Spotify recently complained (again) that Apple is using unfair business practices in its app store to disadvantage Apple Music competitors. Apple is refusing to approve an update to the Spotify iOS app that apparently uses a billing method Apple doesn't like. Today Apple attorney Bruce Sewell fired back at Spotify, saying that the rules in the app store are the same for everybody, whether that means music apps or gaming apps.
At issue is the Spotify subscription streaming music service that's delivered through the Spotify app. Apple requires subscription apps like Spotify to use the iTunes billing system to sell the subscription, and to pay Apple an up-to-30% cut (in this case 3 bucks) for the privilege. Apple won't allow developers like Spotify to sell the subscription from within the app, or to point customers to some other system to pay for it. Apple built the store (Sewell argues) so Apple makes the rules and Apple gets its cut.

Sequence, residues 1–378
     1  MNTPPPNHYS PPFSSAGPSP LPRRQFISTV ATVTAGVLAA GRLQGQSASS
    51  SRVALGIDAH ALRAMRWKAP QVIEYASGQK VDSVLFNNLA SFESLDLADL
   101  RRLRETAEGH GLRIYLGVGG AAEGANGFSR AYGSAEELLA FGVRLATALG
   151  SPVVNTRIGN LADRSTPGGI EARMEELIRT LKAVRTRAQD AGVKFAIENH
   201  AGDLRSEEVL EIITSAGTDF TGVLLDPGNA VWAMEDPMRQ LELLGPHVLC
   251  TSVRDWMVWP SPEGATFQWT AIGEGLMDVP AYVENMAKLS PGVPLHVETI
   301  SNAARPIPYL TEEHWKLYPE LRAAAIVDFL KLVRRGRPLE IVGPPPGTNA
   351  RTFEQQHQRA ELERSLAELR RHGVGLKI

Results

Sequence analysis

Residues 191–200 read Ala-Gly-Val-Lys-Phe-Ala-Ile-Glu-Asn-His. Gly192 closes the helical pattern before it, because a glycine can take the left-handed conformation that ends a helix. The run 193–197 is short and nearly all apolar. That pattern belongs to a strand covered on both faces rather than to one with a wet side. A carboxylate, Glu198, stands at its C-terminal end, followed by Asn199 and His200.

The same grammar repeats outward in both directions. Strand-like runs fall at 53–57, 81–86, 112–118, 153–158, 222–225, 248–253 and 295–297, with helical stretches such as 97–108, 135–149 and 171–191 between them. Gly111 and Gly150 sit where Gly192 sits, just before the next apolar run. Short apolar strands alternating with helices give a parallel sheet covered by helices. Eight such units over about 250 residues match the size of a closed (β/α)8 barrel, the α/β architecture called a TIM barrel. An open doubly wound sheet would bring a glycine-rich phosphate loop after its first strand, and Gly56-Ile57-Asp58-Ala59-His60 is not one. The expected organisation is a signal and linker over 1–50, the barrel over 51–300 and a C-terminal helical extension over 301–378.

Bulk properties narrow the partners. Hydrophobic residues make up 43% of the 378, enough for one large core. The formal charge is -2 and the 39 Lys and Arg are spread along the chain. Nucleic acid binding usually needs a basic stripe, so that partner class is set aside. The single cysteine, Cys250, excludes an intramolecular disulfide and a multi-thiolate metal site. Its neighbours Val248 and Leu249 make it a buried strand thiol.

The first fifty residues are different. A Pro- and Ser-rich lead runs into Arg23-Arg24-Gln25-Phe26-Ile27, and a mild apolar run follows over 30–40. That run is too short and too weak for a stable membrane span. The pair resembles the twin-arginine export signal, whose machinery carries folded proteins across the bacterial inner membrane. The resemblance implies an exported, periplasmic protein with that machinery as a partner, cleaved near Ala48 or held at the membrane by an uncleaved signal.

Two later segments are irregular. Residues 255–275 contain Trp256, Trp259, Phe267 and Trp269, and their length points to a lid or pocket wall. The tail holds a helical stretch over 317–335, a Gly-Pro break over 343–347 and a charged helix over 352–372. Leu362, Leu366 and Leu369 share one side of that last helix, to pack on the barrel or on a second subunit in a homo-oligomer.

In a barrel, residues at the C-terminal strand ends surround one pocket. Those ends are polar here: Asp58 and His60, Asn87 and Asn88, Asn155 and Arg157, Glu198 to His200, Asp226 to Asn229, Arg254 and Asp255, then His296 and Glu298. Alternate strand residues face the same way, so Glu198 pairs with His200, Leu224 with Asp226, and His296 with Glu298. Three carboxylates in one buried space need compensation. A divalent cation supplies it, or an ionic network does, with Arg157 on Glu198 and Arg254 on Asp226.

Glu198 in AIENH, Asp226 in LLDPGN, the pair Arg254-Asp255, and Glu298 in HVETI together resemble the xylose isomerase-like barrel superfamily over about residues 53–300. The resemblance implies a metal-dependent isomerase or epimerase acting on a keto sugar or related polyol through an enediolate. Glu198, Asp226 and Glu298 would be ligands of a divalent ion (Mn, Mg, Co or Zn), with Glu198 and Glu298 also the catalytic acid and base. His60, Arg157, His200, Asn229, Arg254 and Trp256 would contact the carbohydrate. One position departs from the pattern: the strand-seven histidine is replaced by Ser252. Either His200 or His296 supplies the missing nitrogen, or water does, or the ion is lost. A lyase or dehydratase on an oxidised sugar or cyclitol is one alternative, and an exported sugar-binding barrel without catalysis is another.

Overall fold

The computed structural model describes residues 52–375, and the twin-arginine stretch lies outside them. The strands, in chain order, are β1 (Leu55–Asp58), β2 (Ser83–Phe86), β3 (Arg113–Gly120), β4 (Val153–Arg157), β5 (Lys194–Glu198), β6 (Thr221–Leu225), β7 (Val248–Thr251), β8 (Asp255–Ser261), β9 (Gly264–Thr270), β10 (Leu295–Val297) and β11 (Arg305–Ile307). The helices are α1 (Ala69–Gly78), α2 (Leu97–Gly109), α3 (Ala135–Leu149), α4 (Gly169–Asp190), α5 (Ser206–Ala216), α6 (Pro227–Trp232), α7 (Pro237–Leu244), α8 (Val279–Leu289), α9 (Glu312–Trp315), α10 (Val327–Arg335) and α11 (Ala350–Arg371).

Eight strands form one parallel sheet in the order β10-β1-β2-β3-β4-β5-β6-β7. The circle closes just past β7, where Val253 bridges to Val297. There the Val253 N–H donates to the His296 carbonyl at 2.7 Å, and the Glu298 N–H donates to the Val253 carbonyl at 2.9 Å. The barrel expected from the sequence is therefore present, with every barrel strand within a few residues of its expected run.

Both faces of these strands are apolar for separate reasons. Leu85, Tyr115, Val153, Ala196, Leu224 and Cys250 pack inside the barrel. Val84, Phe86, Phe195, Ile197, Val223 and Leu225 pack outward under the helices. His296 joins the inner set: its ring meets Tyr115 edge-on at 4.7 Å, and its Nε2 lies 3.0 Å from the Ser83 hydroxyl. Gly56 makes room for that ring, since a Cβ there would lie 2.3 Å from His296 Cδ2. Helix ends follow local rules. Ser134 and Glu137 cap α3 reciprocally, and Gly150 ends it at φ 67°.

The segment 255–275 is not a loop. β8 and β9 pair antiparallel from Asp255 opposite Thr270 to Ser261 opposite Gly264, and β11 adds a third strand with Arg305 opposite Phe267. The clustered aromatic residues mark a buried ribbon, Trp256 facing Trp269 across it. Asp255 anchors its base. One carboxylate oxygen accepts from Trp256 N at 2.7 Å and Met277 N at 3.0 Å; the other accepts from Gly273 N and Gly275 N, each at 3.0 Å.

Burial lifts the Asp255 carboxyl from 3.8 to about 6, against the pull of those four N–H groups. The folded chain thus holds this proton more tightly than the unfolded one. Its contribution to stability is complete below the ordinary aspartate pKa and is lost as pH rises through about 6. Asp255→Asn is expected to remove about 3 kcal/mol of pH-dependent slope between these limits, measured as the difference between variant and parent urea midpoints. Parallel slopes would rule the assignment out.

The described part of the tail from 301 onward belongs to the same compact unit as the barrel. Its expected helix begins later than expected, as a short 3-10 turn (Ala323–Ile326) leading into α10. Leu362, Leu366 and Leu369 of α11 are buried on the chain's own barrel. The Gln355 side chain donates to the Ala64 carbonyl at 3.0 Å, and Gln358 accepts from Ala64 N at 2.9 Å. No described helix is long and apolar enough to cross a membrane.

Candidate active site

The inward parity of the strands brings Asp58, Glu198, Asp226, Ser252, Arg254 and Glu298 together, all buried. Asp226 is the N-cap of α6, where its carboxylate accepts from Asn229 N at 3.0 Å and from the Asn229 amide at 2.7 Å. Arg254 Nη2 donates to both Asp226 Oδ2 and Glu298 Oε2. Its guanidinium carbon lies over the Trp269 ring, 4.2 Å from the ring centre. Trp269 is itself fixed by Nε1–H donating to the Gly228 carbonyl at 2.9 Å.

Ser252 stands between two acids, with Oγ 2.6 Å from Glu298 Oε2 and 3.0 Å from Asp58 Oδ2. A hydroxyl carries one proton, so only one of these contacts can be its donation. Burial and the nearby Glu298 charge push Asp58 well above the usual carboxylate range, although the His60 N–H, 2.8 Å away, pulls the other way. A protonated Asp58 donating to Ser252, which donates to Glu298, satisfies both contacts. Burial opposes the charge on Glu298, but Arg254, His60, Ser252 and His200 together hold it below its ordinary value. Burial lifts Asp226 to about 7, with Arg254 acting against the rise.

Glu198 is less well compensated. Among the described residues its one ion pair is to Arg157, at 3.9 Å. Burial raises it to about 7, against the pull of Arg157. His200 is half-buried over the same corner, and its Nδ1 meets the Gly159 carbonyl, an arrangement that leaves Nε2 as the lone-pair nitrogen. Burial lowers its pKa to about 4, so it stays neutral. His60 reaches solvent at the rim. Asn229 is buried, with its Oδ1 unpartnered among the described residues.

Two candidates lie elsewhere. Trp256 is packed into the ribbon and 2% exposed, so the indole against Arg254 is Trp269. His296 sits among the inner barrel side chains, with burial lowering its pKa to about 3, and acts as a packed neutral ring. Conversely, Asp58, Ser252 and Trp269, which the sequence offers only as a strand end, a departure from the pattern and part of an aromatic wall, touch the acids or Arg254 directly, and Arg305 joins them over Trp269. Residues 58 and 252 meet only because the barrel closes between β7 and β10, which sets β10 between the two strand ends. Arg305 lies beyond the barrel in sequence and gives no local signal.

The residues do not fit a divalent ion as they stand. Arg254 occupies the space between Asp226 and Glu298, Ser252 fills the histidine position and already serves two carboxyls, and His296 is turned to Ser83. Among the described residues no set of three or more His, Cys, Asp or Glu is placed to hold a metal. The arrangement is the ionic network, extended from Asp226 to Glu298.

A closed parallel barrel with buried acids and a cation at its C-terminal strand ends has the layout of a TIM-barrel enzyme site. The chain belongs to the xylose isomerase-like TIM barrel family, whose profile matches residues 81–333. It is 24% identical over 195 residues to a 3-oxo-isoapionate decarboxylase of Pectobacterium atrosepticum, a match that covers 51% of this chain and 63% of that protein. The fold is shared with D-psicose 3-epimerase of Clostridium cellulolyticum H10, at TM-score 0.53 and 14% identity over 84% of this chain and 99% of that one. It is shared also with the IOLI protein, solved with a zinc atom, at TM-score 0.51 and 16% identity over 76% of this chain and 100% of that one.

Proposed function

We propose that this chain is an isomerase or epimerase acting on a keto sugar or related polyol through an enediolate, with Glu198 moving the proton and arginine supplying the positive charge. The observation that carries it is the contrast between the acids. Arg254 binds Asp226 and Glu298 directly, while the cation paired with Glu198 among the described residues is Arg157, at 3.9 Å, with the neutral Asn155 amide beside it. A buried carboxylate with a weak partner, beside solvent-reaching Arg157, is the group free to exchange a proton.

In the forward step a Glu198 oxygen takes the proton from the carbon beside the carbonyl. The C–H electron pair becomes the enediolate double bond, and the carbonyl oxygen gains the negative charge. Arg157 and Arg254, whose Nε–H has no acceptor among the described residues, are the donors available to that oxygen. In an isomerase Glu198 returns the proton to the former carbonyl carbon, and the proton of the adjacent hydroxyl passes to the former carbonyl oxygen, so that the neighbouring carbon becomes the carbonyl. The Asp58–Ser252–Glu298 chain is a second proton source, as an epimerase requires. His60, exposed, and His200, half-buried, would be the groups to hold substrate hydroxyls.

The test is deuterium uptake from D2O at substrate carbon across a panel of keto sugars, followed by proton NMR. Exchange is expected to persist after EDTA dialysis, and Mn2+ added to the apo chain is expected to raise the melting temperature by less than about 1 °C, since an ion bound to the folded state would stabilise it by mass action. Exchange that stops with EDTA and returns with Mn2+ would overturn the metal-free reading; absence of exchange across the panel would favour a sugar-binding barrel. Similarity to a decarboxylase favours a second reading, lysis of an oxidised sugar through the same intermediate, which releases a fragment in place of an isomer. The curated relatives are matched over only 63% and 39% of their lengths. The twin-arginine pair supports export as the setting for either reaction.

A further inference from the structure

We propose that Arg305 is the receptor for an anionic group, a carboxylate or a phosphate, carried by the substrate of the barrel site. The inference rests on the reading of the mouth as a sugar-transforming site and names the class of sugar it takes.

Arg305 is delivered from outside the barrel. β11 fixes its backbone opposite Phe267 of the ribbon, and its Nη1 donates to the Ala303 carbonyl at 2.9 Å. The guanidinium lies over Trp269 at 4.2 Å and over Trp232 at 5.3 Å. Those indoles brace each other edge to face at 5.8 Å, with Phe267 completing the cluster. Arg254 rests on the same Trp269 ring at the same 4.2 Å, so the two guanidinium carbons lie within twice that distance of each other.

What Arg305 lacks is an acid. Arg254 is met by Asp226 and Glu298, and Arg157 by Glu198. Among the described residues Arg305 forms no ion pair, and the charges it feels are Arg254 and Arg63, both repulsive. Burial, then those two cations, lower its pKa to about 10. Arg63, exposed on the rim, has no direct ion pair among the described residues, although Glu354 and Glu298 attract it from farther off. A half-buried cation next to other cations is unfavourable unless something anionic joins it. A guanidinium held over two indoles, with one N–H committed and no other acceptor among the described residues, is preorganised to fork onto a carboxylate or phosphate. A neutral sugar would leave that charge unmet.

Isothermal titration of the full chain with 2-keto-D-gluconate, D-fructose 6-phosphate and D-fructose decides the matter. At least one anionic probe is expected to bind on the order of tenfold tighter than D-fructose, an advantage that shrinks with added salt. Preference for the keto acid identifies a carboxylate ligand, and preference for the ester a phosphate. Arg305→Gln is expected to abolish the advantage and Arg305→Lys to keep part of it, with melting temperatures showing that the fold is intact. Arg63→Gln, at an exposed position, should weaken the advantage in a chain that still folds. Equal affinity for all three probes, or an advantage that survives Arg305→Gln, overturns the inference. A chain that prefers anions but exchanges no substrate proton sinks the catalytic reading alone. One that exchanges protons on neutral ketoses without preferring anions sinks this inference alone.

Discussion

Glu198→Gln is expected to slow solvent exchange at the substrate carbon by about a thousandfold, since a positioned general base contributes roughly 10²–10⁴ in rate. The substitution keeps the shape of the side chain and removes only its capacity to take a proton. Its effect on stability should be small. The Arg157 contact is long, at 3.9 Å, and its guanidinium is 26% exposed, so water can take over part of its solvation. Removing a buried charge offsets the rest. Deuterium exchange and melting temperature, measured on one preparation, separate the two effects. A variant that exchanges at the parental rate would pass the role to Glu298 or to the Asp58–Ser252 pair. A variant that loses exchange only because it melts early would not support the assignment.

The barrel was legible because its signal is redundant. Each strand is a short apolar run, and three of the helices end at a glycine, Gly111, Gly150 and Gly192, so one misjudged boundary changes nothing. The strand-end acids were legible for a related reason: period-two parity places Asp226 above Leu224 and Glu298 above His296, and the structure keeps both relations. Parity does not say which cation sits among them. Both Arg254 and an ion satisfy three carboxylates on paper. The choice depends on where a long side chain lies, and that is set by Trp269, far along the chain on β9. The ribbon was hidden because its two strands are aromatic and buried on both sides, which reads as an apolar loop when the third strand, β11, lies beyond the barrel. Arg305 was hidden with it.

Spotify has cried foul over this rule (which the Google Play store doesn't have) for a long time. It has typically passed the $3 billing fee onto customers, while encouraging customers to buy their subscriptions outside the Apple system.
So, Apple probably isn't violating the letter of the law or using its app store contract to discriminate against Spotify. But Spotify may have a point that Apple's rules—set by a company that controls a billion connected devices and offers its own music subscription service—sound a little like anti-trust. MS